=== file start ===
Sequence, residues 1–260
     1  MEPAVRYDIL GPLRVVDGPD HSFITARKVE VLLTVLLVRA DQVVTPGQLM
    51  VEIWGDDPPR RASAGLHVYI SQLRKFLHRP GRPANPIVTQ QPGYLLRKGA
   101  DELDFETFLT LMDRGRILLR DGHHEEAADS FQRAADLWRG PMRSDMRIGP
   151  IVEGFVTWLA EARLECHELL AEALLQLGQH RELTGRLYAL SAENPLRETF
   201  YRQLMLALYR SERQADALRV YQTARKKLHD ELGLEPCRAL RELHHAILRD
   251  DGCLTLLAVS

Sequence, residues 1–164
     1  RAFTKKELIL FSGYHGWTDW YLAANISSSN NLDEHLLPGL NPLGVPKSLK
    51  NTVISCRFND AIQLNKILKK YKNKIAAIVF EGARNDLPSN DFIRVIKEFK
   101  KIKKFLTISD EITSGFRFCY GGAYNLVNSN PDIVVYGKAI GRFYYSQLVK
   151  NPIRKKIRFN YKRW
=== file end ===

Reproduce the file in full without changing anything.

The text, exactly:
Sequence, residues 1–260
     1  MEPAVRYDIL GPLRVVDGPD HSFITARKVE VLLTVLLVRA DQVVTPGQLM
    51  VEIWGDDPPR RASAGLHVYI SQLRKFLHRP GRPANPIVTQ QPGYLLRKGA
   101  DELDFETFLT LMDRGRILLR DGHHEEAADS FQRAADLWRG PMRSDMRIGP
   151  IVEGFVTWLA EARLECHELL AEALLQLGQH RELTGRLYAL SAENPLRETF
   201  YRQLMLALYR SERQADALRV YQTARKKLHD ELGLEPCRAL RELHHAILRD
   251  DGCLTLLAVS

Sequence, residues 1–164
     1  RAFTKKELIL FSGYHGWTDW YLAANISSSN NLDEHLLPGL NPLGVPKSLK
    51  NTVISCRFND AIQLNKILKK YKNKIAAIVF EGARNDLPSN DFIRVIKEFK
   101  KIKKFLTISD EITSGFRFCY GGAYNLVNSN PDIVVYGKAI GRFYYSQLVK
   151  NPIRKKIRFN YKRW